(1) Take control of your own future. Here I am referring to assuming responsibility for your own future. And become accountable. Have a plan to get rid of debt. You can read more about this in my Kindle book Write for a Living in 7 Easy Steps

(2) Getting into the writing profession needs the right ATTITUDE. It’s about seeing yourself as a professional writer.

(3) Become a PRACTICING writer. Just like lawyers or doctors are in private practice, so too must you be. Understand and make use of the principle of leverage to achieve more with less. Syndication is a good example here.

(4) Concentrate on sales and marketing. Understand that, as a practicing writer, you should be spending around 50% of your time on sales and marketing.

Read and learn more

04/14/2010

How Writers Should Set Goals

Filed under: setting goals,writers' goals,writing,writing goals — gator1965 @ 1:12 pm


Goal setting has never been my forte…BUT, I am working on it! Guess I need to set a goal to set better goals…At any rate, I read a great blog on GENREALITY by Bob Mayer that gives some sharp direction (what else would you expect from an ex-green beret) on setting strategic goals for writers and the tactical (or sub-) goals that lead to their accomplishment:

The Hierarchy of Goals

Overall Writing Goal. (Strategic)

Book goal. (Tactical)

Business goal (Tactical)

Shorter range/daily goals (Tactical)

So let’s talk about your strategic writing goal. It can be anything, but it’s important that you lock it down. Some broad examples:

I will be a NY Times best-selling thriller author in five years.

I will write my memoir for my grandchildren in the next three months.

I write part-time simply because it is a hobby and spend an hour a day on it.

I want to be published within 2 years by a major, traditional press.

I will have my book in print within 2 months via self-publishing.

I will write a book that will help people with —– and spend the next three years using it to bolster and complement my speaking career.

The Importance of Your Strategic Goal:

It starts your creative and practical process.

It determines your tactical goals.

Remembering it keeps you focused.

It is the core of your work regime.

It is the core of your marketing campaign.

All tactical goals must align with it in the hierarchy.

Tactical Goals.

The key to exactly knowing your strategic goal is that every tactical goal that follows is designed to support it. Thus, everyone’s path will be different based on having different strategic goals. Everything that you do and learn is filtered through your specific strategic goal. When you go to a writers’ conference, everything you hear is also filtered through your strategic goal. So two people attending the same session are going to walk out with two different impressions, each filtered through their point of view, which is shaped by their strategic goal.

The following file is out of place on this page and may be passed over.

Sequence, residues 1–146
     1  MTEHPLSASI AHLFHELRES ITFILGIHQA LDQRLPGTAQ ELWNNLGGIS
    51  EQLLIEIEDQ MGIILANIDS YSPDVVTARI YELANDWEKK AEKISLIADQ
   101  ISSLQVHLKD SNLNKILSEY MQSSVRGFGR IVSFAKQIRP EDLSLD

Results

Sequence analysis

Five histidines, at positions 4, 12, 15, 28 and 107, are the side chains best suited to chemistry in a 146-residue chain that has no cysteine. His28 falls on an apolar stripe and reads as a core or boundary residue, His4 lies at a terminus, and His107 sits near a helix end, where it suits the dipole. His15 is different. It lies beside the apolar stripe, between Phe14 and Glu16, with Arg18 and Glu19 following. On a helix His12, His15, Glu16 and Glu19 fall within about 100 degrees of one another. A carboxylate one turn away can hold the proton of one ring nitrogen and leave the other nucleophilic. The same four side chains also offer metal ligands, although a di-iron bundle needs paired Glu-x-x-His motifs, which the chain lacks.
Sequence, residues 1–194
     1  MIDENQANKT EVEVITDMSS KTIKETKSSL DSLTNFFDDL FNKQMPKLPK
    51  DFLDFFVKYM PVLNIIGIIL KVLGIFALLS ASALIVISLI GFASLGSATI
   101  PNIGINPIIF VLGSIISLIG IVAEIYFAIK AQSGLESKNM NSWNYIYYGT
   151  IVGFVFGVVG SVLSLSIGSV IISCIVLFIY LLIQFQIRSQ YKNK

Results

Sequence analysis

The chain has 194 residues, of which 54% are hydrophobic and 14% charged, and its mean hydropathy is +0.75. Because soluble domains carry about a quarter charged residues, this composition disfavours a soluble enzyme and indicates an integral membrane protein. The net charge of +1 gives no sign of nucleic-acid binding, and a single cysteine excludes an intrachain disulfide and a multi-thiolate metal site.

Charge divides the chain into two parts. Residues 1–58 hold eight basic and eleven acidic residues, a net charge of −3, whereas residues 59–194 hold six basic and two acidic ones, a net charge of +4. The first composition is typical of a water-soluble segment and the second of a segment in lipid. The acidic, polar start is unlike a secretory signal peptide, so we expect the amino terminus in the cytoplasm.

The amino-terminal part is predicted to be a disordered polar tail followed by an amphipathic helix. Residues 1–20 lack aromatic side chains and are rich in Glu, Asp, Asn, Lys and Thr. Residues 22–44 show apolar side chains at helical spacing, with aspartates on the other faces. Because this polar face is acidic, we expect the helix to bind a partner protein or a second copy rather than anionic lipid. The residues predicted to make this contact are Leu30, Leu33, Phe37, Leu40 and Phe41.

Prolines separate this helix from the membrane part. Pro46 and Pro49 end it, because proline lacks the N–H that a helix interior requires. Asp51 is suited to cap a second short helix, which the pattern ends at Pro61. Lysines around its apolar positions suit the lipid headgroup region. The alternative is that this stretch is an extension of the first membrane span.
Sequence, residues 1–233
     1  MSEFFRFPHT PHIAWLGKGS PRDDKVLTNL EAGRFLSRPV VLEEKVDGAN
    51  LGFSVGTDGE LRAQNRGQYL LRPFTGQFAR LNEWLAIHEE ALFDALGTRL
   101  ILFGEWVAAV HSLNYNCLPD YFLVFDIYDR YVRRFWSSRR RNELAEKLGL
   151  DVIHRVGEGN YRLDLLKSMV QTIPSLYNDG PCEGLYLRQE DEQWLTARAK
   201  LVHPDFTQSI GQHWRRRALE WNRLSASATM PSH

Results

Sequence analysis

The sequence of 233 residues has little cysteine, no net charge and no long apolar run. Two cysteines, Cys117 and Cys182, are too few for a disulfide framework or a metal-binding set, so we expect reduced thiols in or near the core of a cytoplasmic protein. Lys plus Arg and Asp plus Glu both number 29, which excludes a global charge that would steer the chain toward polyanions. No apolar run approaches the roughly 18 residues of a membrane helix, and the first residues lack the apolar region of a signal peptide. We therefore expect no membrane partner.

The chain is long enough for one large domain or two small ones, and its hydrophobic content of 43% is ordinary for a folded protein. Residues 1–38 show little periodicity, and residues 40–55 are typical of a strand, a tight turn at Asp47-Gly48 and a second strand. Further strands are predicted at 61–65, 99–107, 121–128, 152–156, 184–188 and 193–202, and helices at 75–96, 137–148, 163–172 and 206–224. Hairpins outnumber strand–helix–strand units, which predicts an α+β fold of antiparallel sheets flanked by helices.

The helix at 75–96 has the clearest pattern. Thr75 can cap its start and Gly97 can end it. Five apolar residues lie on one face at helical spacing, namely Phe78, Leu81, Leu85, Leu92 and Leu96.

What I have seen—and experienced—is that most writers do their first book blindly and don’t have a plan beyond finishing it and trying to sell it. Most writers spend too much time and effort trying to sell their first book, rather than moving on to a second and third manuscript. Rarely does a first manuscript sell. Most published authors I know sold somewhere around number two or three. At a daily level, many writers don’t have a plan for writing every day.

When you state your goals, they should be done in one sentence. The sentence should have a positive verb that indicates the action you want to use to achieve your goal. The verb must indicate an action you control—to an extent. In publishing, you control the writing and the way you approach the business. Beyond that, the publishing gods are fickle. I will become a NY Times Bestselling author in five years seems a bit lofty. But here’s the bottom line: if that’s what you want to achieve, then state it. And then develop a plan to do it. This greatly increases you odds of achieving the goal than the hit-or-miss method. I have listened to many successful authors and many of them set out with lofty goals, and then busted their butt to achieve those goals. As you will see shortly, once you have that strategic goal, it changes everything you do, because everything you do has to support that goal.

Your goal should have an external, visible outcome. Just as in your novel your character’s goal should be something concrete and external, so should yours.

You should have a time lock for achieving the goal, unless time is of no consequence to you. For most of us, time is the most valuable asset we have.

KEEP IT POSITIVE- A NEGATIVE GOAL ACCEPTS DEFEAT

Here’s another thing about stating your goal: Putting it out there, verbally and in writing, is a form of making a commitment. I know many writers get some static from those around them about all the time and money they invest in writing when they are unpublished and there seems to be no payback. If all those around you see is you sitting in front of a computer staring into space and then going off to conferences, they might start to question what you are doing. Letting others know your goal is committing you to trying to achieve it and also lets others know you’re serious about what you are trying to achieve. Then showing your tactical goals such as how much time you allocate each day to writing, attending conferences, taking workshops, etc. will make sense in terms of the framework of the larger, long-term goal.

It also puts pressure on you to stick to your goals. I know many people who are afraid to clearly state their goals because by not doing so, they can slack off day after day. Also, some are afraid to state goals because they fear ridicule.

In 1987 Jim Carrey was 25 years old and a struggling comic. He drove his Toyota up Mulholland Drive in LA. Overlooking the city he wrote himself a check for $10 million. He dated it 1995 and noted it was “for acting services rendered”.

He was wrong. In 1995, his price for a movie was $20 million.

Blog at WordPress.com.

%d bloggers like this: